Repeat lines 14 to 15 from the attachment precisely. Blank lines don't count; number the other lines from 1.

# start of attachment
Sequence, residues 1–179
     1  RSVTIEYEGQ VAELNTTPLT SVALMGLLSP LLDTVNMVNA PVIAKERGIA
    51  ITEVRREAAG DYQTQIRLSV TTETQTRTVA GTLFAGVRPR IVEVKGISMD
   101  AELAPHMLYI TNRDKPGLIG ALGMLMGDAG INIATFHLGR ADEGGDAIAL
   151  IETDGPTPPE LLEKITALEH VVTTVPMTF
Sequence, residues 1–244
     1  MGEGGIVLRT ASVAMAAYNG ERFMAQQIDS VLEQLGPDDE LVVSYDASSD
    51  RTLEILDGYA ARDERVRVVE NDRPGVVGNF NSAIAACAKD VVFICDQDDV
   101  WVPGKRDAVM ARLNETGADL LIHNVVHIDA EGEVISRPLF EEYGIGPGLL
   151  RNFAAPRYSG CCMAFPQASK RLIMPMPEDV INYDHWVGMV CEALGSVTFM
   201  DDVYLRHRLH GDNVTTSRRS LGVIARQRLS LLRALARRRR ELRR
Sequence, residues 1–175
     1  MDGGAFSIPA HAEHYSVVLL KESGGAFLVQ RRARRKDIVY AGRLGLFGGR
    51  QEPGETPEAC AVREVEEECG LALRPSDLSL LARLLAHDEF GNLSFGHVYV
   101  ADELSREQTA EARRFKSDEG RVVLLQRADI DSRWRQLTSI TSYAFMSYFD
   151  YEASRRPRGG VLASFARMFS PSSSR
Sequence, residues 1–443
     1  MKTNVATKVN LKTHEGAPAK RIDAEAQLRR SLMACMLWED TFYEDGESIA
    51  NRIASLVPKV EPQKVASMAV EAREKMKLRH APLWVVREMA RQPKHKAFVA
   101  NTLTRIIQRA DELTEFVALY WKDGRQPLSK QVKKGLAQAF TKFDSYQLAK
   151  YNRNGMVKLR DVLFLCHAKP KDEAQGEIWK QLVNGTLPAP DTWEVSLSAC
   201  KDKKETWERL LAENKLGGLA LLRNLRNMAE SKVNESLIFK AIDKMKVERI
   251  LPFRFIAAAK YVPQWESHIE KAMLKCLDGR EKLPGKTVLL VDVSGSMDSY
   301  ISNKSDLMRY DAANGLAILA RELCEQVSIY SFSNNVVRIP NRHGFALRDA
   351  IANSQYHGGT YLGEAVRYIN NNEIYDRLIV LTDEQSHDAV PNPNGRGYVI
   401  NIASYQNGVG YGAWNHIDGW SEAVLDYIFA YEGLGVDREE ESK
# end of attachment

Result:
    51  QEPGETPEAC AVREVEEECG LALRPSDLSL LARLLAHDEF GNLSFGHVYV
   101  ADELSREQTA EARRFKSDEG RVVLLQRADI DSRWRQLTSI TSYAFMSYFD